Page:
The unemployment figures are stubborn. According to Gallup:
- The unemployment rate "was 10.0% in March -- down from 10.2% in mid-March and 10.3% at the end of February, but above the 9.8% at the end of January. U.S. unemployment was 10.4% at the end of March a year ago."
- "The percentage of part-time workers who want full-time work was 9.3% at the end of March -- down from 9.7% in mid-March and 9.6% in both February measurements. The current percentage remains higher than the 9.1% at the end of January but lower than the 10.0% of a year ago."
- And "underemployment also fell, to 19.3% from 19.9% in mid-March and at the end of February."
The mild "good news" in the numbers really doesn't reassure much. As Gallup notes, "contrary to the federal government's recent job reports, Gallup's unemployment and underemployment measures suggest that recent job increases have not been sufficient to significantly improve the jobs situation so far in 2011."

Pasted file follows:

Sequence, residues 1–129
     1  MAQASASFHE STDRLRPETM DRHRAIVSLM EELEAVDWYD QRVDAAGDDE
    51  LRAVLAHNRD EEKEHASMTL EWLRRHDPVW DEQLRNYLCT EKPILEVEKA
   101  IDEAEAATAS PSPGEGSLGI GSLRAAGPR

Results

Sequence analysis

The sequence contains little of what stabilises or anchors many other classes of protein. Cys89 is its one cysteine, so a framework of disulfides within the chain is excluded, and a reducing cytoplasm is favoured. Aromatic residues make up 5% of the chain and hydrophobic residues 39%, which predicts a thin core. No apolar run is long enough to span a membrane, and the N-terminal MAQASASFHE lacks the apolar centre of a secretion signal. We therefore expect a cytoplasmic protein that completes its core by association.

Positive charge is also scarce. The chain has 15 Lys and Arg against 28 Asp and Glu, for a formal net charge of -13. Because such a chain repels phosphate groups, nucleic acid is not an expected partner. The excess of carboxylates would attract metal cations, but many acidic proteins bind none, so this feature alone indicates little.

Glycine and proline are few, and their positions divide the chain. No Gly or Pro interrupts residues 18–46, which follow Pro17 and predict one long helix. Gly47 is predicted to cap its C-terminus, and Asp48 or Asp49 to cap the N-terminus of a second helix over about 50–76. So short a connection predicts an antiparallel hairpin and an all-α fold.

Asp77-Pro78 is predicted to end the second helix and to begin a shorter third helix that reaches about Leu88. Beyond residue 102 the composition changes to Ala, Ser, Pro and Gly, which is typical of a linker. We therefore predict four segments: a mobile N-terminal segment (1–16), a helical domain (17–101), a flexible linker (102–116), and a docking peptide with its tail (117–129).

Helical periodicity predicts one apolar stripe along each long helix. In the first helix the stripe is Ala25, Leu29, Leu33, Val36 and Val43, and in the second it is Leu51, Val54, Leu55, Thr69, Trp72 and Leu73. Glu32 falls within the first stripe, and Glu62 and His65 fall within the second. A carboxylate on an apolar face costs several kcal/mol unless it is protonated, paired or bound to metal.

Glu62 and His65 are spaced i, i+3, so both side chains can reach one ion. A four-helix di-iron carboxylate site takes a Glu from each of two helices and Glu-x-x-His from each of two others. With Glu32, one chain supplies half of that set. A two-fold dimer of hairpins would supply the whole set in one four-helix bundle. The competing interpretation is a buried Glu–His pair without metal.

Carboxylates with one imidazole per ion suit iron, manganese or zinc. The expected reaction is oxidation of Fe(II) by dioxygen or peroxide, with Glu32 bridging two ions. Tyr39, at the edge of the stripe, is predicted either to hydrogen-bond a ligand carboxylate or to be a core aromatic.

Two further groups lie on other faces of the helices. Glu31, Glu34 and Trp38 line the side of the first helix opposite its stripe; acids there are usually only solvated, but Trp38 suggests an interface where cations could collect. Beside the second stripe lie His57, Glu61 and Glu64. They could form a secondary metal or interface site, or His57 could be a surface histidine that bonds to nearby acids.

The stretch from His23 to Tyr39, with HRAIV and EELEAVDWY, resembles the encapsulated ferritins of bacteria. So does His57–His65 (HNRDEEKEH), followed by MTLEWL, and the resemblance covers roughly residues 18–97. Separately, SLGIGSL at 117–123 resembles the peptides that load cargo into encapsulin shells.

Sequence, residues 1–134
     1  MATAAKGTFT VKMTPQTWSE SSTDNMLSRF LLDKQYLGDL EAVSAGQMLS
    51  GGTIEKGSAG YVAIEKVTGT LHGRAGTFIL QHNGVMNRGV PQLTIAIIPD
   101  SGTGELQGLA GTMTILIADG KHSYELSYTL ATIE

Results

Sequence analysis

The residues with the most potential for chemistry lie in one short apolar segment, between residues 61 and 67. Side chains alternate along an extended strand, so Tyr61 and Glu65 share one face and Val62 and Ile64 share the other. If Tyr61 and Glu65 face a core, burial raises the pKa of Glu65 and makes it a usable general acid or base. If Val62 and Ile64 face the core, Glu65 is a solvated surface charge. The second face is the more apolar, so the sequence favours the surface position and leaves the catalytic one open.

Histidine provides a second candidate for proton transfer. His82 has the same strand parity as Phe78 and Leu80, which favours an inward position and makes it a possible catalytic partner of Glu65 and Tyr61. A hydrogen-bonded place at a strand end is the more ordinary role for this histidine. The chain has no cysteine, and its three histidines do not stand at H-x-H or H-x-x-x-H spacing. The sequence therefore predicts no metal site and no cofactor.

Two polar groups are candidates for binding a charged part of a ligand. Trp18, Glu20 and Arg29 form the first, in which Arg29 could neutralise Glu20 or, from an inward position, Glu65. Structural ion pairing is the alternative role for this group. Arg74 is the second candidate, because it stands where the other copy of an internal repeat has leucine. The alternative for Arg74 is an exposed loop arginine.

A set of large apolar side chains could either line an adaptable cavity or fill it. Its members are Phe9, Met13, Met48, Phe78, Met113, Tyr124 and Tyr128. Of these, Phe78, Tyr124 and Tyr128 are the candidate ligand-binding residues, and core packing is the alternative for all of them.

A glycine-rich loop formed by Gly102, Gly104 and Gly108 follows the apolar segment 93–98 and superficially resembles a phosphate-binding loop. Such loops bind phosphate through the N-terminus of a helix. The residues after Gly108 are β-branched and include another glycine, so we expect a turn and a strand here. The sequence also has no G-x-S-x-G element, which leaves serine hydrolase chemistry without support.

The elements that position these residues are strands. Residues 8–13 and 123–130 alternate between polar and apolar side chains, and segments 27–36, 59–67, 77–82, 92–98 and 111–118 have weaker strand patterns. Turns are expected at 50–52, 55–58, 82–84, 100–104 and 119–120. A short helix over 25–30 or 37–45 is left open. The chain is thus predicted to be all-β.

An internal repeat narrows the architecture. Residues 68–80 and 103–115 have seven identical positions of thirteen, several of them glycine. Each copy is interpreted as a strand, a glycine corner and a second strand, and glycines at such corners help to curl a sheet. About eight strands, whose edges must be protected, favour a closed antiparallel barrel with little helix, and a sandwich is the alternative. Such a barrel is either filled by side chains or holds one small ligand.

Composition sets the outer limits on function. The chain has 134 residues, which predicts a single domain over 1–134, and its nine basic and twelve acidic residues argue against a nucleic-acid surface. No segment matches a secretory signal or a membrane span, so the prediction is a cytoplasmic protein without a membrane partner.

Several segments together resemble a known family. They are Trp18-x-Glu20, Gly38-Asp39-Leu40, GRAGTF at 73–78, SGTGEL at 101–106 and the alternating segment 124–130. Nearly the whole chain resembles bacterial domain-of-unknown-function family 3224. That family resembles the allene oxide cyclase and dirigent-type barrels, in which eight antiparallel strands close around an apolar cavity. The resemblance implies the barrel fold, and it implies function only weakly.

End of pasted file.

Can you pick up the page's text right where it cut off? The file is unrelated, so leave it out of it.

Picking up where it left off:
The second and third bullets, especially, can measure two things: people who really want work, and those who say they don't because they are discouraged. Hopefully, the drop means that employers are hiring, even if cautiously.
But when one looks at the pattern over the past year, there is no way around the conclusion that these figures are stubborn.
And there's no way to fail to notice that neither party has a jobs agenda to match these numbers. Personally, I think the bill Tim Scott introduced this week to lower corporate tax rates would do more to bring these numbers down than anything on the table.